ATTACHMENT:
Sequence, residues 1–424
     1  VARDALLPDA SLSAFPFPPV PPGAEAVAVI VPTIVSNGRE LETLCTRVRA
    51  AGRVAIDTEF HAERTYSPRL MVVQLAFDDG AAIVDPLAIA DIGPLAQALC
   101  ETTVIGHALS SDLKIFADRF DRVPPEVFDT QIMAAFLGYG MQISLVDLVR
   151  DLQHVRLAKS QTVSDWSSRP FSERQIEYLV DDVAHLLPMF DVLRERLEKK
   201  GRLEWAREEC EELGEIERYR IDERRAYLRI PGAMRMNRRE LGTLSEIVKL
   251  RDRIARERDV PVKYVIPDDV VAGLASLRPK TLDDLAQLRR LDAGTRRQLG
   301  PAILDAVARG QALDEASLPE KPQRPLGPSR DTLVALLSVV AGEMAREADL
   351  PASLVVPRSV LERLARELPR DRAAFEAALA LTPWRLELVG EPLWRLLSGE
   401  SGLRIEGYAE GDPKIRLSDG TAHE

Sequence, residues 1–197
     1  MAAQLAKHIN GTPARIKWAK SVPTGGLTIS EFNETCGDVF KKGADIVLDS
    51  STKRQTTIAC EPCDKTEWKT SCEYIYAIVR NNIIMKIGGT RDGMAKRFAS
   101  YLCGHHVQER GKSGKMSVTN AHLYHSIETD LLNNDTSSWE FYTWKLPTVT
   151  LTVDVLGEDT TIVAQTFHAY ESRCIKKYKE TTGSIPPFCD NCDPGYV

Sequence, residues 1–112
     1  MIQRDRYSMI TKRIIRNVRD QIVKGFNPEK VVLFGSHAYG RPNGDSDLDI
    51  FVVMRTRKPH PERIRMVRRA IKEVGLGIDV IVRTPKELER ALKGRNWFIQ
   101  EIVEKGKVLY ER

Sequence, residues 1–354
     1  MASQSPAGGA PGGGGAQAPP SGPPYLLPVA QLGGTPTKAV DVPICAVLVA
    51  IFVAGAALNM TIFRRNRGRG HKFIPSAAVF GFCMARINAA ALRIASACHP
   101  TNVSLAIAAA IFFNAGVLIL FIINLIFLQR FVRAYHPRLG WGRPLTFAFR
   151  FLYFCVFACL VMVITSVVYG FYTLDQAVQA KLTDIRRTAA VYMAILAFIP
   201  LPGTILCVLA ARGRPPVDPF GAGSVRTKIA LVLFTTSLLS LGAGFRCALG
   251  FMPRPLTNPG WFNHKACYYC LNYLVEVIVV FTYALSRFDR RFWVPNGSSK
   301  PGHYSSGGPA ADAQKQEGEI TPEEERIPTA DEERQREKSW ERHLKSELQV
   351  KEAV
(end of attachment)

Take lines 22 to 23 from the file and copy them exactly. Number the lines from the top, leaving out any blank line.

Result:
    51  IFVAGAALNM TIFRRNRGRG HKFIPSAAVF GFCMARINAA ALRIASACHP
   101  TNVSLAIAAA IFFNAGVLIL FIINLIFLQR FVRAYHPRLG WGRPLTFAFR